The ancient Maya believed their breath was a link to the divine. To purify it, many people filed, notched, and polished their teeth, some even decorating them with gemstones. Now, a fresh analysis suggests the sealant used to hold these jewels in place may have had therapeutic properties, which could have helped prevent infections.
During the Classic period (200 to 900 C.E.), many lowland Maya people in what is now Guatemala, Belize, and Mexico affixed colored stones such as jade, turquoise, and pyrite to the front of their teeth. Maya dentists drilled holes into the enamel and dentine, then fit the stones and applied a sealant, usually as part of a rite of passage to adulthood.
This dental adhesive has proved remarkably durable: More than half of such modified teeth from archaeological digs still have their stone inlays intact. Previous analyses of the adhesive found inorganic materials similar to cement, and hydroxyapatite, a mineral obtained from ground teeth and bones. These materials helped strengthen the mixture, but likely wouldn’t have been sticky enough to hold the stones in place. The nature of the binding agent has long been a mystery.
So Gloria Hernández Bolio, a biochemist at the Center for Research and Advanced Studies of the National Polytechnic Institute in Mexico, and colleagues analyzed the sealants in eight teeth found in burial sites across the Maya empire. They used two techniques: One distinguishes groups of organic compounds based on the amount of light they absorb; the other separates chemical mixtures using heat, before counting individual molecules.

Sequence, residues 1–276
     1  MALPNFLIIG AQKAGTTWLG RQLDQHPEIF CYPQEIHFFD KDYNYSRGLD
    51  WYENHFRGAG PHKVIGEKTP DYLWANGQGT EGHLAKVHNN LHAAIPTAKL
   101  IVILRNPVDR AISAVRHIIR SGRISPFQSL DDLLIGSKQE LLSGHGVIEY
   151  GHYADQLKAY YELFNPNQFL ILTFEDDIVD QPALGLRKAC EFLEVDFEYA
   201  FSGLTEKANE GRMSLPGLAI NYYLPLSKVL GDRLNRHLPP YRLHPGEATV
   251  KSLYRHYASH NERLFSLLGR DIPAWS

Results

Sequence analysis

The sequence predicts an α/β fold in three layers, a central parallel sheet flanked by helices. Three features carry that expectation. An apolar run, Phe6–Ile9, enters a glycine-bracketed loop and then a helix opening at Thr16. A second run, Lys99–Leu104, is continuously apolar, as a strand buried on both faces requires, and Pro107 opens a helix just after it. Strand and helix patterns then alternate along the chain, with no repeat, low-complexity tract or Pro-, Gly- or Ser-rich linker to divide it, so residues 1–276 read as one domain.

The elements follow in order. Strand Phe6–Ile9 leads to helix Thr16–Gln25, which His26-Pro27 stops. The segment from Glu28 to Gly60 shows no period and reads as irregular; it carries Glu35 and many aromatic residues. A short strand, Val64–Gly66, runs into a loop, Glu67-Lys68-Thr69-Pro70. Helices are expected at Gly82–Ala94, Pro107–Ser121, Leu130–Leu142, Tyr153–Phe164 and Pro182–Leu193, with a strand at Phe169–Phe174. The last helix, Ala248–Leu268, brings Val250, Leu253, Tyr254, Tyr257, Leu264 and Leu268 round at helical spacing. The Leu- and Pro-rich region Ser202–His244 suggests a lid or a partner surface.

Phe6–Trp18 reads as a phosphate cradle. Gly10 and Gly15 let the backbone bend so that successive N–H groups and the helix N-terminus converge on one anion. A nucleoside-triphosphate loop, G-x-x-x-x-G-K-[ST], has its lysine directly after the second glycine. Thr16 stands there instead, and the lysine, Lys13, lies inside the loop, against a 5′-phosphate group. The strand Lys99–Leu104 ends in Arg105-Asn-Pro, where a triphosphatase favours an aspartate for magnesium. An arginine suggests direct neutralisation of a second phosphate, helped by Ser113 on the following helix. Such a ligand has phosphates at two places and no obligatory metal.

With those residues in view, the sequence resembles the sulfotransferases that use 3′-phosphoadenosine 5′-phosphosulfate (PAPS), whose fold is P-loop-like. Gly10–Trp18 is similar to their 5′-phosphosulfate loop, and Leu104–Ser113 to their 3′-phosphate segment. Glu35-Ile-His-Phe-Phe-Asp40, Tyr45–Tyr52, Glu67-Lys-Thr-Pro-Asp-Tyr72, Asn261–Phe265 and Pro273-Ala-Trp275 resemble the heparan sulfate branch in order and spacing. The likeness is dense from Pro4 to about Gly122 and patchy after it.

In the sealants, the researchers found 150 organic molecules common in plant resins, they reported last month in the Journal of Archaeological Science: Reports. Each sample had a binding component like plant resin or gum, which have also been used for their water-repelling and gluelike properties since antiquity. Statistical analysis revealed the sealants could be separated into four groups based on that location, suggesting local practitioners each had their own recipes. The mixtures appear to have been well thought out, Hernández Bolio says. “Each ingredient has a specific task.”
Most samples included ingredients found in pine trees, which other research suggests can fight bacteria that cause tooth decay. Two teeth showed evidence of sclareolide, a compound found in Salvia plants that has antibacterial and antifungal properties, and is currently used as an aroma fixative in the perfume industry. Sealants from the remote outer Copán region, near the border of modern Honduras and Guatemala, included essential oils from mint plants whose components potentially have anti-inflammatory effects. This ingredient wasn’t found elsewhere, possibly reflecting connections with other Maya groups or traditions, the authors say.
“Most important for them was the binding properties,” says Hernández Bolio, whose grandfather is Yucatec, a group that’s part of the historic Maya civilization. Today’s Maya still use these plants for medicinal purposes, she says, so ancient people may well have been aware of their effects.
The study finally addresses the long-standing question of how these stones were affixed, says Cristina Verdugo, an anthropologist from the University of California, Santa Cruz. Not only were the Maya dentists good at their work, but they also knew “how to avoid potential unwanted side effects,” such as infection or other dental issues postmodification, she says.
But Joel Irish, a dental anthropologist at Liverpool John Moores University, says he’d like to see more evidence concerning the antiseptic and therapeutic properties. “It is a key takeaway that relies on previous, though compelling, research.”
Oral hygiene was important to the Maya, says co-author Vera Tiesler, a bioarchaeologist at the Autonomous University of Yucatán. She points to Janaab’ Pakal, the Maya king of Palenque, who died in 683 C.E. at the age of 80 with nearly all his teeth and no signs of decay in those that remained—a tribute to the remarkable dental skills of his people.
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